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A History of the French Novel, Vol. 2

I have seldom read greater rubbish than Le Solitaire


have seldom read greater rubbish than _Le Solitaire_. It is a historical-romantic story (the idolatrous preface refers both to Scott and to Byron), and bears also strong, if sometimes distinctly unfortunate, resemblances to Mrs. Radcliffe, the Germans, and Chateaubriand. The scene is that of Charles the Bold's defeat at Morat: and the "Solitary" is Charles himself--the identification of his body after the decisive overthrow at Nancy _was_ a little doubtful--who has hidden there partly to expiate, by good deeds, his crime of massacring the monks of the adjoining Abbey of Underlach, and partly to avail himself of a local tradition as to a _Fantome Sanglant_, who haunts the neighbourhood, and can be conveniently played by the aid of a crimson mantle. The slaughter of the monks, however, is not the only event or circumstance which links Underlach to the crimes of Charles, for it is now inhabited by a Baron d'Herstall (whose daughter, seduced by the Duke, has died early) and his niece, Elodie de Saint-Maur, whose father, a former favourite of the Burgundian, that prince has killed in one of his fits of rage. Throw in a local priest, Anselm, and you have what may be called the chief characters; but a good Count Ecbert de Norindall, a wicked Prince of Palzo, and divers others figure. Everybody, including the mysterious Bleeding-Phantom-Solitary-Duke himself, falls in love with Elodie,[78] and she is literally "carried off" (that is to say, shouldered) several times, once by the alarming
person in the crimson shroud, but always rescued, till it is time for her to die and be followed by him. There are endless "alarums and excursions"; some of the _not_ explained supernatural; woods, caves, ruins, underground passages--entirely at discretion. Catherine Morland would have been perfectly happy with it.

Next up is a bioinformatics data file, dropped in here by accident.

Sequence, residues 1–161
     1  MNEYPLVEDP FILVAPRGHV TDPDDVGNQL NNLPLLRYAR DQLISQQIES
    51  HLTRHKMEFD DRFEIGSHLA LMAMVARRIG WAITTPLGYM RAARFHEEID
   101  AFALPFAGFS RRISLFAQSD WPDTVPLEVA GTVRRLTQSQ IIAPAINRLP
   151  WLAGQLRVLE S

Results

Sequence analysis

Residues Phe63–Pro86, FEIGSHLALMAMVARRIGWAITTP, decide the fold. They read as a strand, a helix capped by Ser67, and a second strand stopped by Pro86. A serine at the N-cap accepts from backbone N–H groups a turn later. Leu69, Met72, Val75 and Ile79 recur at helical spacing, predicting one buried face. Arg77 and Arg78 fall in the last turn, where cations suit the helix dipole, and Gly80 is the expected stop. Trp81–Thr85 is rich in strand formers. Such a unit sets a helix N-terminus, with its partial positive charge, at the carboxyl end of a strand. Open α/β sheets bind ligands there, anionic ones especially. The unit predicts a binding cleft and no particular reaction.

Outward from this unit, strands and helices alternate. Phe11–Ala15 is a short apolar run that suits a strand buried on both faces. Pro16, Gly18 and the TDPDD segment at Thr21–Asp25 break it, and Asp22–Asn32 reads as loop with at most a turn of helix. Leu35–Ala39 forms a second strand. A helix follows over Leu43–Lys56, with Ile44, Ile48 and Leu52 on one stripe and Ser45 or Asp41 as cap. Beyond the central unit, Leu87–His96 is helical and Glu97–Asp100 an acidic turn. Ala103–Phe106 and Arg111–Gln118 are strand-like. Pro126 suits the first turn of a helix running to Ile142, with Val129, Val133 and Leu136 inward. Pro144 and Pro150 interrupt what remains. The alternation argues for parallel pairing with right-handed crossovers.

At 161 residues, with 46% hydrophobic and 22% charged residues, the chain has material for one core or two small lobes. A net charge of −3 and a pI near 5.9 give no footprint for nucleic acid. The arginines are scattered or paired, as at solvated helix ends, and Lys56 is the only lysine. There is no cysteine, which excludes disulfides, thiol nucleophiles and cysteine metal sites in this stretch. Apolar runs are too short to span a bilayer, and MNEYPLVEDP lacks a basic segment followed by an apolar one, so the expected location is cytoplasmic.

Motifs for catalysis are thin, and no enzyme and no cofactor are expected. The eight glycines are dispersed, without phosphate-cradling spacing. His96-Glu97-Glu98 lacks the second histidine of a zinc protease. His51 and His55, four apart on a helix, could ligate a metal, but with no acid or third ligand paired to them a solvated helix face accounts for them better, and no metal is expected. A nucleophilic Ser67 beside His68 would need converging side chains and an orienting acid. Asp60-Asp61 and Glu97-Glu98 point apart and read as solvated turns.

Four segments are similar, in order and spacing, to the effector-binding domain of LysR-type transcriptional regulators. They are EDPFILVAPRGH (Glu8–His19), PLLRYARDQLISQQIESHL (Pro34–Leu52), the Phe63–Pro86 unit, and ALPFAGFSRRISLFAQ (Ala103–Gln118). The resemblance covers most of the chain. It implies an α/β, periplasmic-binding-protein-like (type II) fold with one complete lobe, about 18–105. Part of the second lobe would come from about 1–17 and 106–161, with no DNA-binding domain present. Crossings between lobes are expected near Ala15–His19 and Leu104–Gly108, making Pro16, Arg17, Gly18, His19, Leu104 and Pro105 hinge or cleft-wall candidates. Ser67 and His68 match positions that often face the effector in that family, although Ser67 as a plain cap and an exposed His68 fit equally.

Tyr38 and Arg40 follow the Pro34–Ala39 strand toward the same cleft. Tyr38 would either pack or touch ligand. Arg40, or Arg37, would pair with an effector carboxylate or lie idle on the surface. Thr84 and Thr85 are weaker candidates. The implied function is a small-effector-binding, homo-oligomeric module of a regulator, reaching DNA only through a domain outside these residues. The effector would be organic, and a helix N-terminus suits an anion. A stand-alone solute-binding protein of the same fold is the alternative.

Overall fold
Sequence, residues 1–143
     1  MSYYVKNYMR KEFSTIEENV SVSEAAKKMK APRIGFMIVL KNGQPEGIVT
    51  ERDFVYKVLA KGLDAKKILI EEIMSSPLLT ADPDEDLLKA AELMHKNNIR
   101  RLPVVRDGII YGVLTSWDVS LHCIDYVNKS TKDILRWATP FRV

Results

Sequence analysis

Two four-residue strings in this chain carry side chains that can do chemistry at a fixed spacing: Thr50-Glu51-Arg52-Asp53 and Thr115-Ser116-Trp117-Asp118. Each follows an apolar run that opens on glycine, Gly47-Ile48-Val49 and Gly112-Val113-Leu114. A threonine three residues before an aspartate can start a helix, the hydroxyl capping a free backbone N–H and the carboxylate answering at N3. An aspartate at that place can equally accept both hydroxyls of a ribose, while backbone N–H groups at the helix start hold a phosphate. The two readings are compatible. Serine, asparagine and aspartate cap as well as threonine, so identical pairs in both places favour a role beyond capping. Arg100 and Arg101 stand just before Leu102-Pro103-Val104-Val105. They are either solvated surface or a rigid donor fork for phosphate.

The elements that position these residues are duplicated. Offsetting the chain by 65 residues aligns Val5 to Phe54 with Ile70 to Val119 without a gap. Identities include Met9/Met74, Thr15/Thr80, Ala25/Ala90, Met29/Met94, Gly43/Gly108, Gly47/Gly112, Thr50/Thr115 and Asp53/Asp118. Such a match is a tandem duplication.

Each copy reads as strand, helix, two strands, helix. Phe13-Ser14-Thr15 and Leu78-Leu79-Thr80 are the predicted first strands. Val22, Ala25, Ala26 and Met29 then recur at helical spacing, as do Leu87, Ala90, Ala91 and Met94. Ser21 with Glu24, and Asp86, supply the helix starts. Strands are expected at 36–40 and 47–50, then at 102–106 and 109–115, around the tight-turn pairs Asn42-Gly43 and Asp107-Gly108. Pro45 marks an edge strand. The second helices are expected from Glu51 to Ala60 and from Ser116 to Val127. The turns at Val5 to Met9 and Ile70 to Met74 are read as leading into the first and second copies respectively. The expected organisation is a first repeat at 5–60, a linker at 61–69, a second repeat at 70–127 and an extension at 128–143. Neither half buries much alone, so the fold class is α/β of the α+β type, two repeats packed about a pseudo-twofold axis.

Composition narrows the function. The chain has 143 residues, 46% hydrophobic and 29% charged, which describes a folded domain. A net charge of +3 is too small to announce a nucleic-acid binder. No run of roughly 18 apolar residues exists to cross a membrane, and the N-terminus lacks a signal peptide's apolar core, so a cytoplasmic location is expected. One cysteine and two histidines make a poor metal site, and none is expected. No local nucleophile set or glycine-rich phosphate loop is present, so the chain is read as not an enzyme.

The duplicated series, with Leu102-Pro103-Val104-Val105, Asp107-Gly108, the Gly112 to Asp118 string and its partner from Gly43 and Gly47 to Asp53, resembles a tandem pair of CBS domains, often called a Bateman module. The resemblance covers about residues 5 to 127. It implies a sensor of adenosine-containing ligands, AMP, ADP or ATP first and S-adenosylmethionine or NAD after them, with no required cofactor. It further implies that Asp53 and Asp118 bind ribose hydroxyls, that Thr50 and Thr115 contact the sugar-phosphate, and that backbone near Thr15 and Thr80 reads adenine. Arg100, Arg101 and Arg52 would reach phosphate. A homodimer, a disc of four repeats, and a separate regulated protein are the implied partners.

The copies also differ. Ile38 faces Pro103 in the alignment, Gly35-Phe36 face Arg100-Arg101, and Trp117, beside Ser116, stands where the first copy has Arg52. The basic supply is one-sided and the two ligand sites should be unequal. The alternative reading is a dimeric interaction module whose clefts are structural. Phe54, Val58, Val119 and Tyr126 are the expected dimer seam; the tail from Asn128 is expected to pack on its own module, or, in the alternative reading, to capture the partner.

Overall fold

It is not, however, because it contains these things that it has been called "rubbish." A book might contain them all--Mrs. Radcliffe's own do, with the aggravation of the explained wonders--and not be that. It is because of the extraordinary silliness of the style and sentiments. I should imagine that M. d'Arlincourt was trying to write like his brother viscount, the author of _Les Martyrs_, and a pretty mess he has made of it. "Le char de la nuit roulait silencieux sur les plaines du ciel" (p. 3). "L'entree du jour venait de s'elancer radieuse du palais de l'Aurore." "L'amante de l'Erebe et la mere des Songes[79] avait acheve la moitie de sa course tenebreuse," etc., etc. The historic present is constantly battling with the more ordinary tenses--the very same sentence sometimes contains both. And this half-blown bladder of a style conveys sentiments as feebly pompous as itself. The actual story, though no great thing, is, if you could strip it of its froth and fustian, not so very bad: as told it is deplorable.

At the same time its mere existence--much more the fury of acceptance which for the moment greeted it--shows what that moment wanted. It wanted Romance, and in default of better it took _Le Solitaire_.

* * * * *

An occasional contrast of an almost violent kind may be permitted in a work requiring something more than merely catalogue-composition. It can hardly be found more appropriately than by concluding this chapter, which began with the account of Paul de Kock, by one of Charles Nodier.

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